Welcome to the latest in a long line of Mr. and Mrs. Smith clones. It has been five years since Doug Liman’s clever little action flick graced the big screen, and as while it was the most energetic and entertaining takes on modern married life in recent memory it had the unfortunate side effect of every half-assed husband-and-wife-try-to-hurt-each-other-but-they-love-each-other-really clone suddenly greenlit in its wake. Look out for Date Night next month.

The Bounty Hunter, the new comedy from Andy Tennant, is predictably about a guy (Gerrard Butler) who tries to bring his ex wife, Nicole (Jennifer Aniston), in for an easy five grand but runs into all sorts of trouble in the form of uninteresting bad guys who like to fire automatic weapons. And by comedy we don’t mean that it is funny, per se, only that it fits that description slightly better than, say, science-fiction. Plus it involves people driving a golf cart into a water hazard so get ready to bust a gut!

The dysfunctional ex-couple is played give it their best shot, even though the script by Sarah Thorp appears to have been written in her sleep as it neglects to provide anything really resembling a comic opportunity. Nicole is an ace reporter for the New York Daily News (portrayed here as the last bastion of real journalism) and is on the lam because she is so devoted to her job – chasing down a lead on a mob story – she was unable to make her court date.

Milo, meanwhile, has amassed a sizable gambling debt, so between the two of them they soon have every clichéd heavy in the book chasing after them. Aniston has always worked harder at being a movie star than at being a serious actress and thus far that has worked out alright for her because she typically has an eye for a project. But on this evidence her judgment is slipping and pretty soon she’ll only have The Good Girl and Office Space to buff up her resume.

Some reviews have pointed out that Milo’s asshole tendencies go above and beyond the call of duty. Maybe. He does delete an innocent man’s DVR for Christ’s sake, but even more offensive is his overwhelming stupidity. And it is that stupidity that Thorp uses to advance her script from one unfunny disaster to the next. Case in point, half way through this unholy mess he lets Nicole talk him into taking her $500 into the Atlantic City Taj Mahal so that he can win $10,000 at the craps table. So there he is dragging her, handcuffed, through the crowded casino trying to make this boneheaded plan work. Apparently he never heard the one about having a bird in the hand.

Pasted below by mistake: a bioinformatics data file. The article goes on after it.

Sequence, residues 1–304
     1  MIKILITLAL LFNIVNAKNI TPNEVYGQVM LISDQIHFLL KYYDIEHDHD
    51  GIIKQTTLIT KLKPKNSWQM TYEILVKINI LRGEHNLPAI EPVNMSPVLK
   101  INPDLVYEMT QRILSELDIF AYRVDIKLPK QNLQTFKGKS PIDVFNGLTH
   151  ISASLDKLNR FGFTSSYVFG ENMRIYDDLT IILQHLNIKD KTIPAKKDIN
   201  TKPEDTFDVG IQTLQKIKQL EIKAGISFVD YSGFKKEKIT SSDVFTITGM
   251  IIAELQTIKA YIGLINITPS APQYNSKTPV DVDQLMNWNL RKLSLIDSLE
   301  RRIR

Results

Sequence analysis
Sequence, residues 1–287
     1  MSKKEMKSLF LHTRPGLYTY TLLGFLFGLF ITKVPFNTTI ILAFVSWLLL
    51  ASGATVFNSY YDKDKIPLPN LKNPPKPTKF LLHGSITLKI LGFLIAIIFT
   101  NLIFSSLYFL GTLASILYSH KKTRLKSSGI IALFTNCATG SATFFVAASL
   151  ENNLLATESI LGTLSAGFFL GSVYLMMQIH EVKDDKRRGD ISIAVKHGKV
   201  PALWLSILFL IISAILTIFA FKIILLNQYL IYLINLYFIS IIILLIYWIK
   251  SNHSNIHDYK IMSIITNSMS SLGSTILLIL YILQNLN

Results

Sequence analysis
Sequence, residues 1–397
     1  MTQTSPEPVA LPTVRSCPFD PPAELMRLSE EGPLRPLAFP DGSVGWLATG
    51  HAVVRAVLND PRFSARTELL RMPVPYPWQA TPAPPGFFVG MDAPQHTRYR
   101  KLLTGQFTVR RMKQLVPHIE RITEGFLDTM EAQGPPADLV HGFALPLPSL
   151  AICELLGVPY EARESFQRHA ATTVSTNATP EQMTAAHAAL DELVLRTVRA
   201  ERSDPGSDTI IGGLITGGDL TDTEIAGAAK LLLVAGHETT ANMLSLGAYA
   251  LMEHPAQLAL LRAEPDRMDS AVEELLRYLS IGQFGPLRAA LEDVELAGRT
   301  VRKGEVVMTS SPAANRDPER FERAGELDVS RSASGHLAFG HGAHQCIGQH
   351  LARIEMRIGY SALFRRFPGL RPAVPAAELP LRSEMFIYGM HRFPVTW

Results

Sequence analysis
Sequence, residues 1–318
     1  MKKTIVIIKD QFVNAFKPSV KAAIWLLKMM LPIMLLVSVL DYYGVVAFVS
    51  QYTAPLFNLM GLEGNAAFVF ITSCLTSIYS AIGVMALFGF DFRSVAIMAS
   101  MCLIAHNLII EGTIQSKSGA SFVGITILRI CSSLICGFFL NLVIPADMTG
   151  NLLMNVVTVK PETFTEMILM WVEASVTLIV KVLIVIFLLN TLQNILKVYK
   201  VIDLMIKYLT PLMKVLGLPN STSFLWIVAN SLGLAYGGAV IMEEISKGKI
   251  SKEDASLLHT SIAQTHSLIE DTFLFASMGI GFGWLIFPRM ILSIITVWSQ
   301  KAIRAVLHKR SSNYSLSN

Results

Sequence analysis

Bounty Hunter wants to be about two people who used to love each other learning to love each other again. It could work but sadly today’s audiences find that way too boring, so the only way that story would ever find its way to the multiplex is if they did that while exchanging gunfire with broadly drawn ethnic stereotypes. That’s fine, give the people what they want and all that, but it just hard to imagine anybody finding anything to like about this anemic script that just wreaks of one demographic baiting studio note af6ter another.

After running all over New Jersey while squabbling, dodging gunfire, and trying to solve the big case that will make Nicole’s career, the mismatched pair just happen to end up back at a bed and breakfast that they visited back when they were newlyweds (ta da). The scene is contrived to a painful degree but is the only time Thorp shows any sort of capacity for crafting a funny joke.

Other than that we are stuck watching junk like the time where Nicole tries to make a break by stealing a petty cab away from a horny 17-year-old boy. The movie also features two TV actors of enormous comedic talent (Jason Sudeikis and Jeff Garlin) and at no point does either of them get to strut their stuff. Everything here is forgettable and unremarkable, and if in a year’s time you mention The Bounty Hunter it will only, most likely, result in perplexed head scratching and a shrug.

Starring: Gerard Butler, Jennifer Aniston, Jason Sudeikis, Jeff Garlin
Director: Andy Tennant
Runtime: 110 minutes
Rated: PG-13
Studio: Columbia Pictures
 

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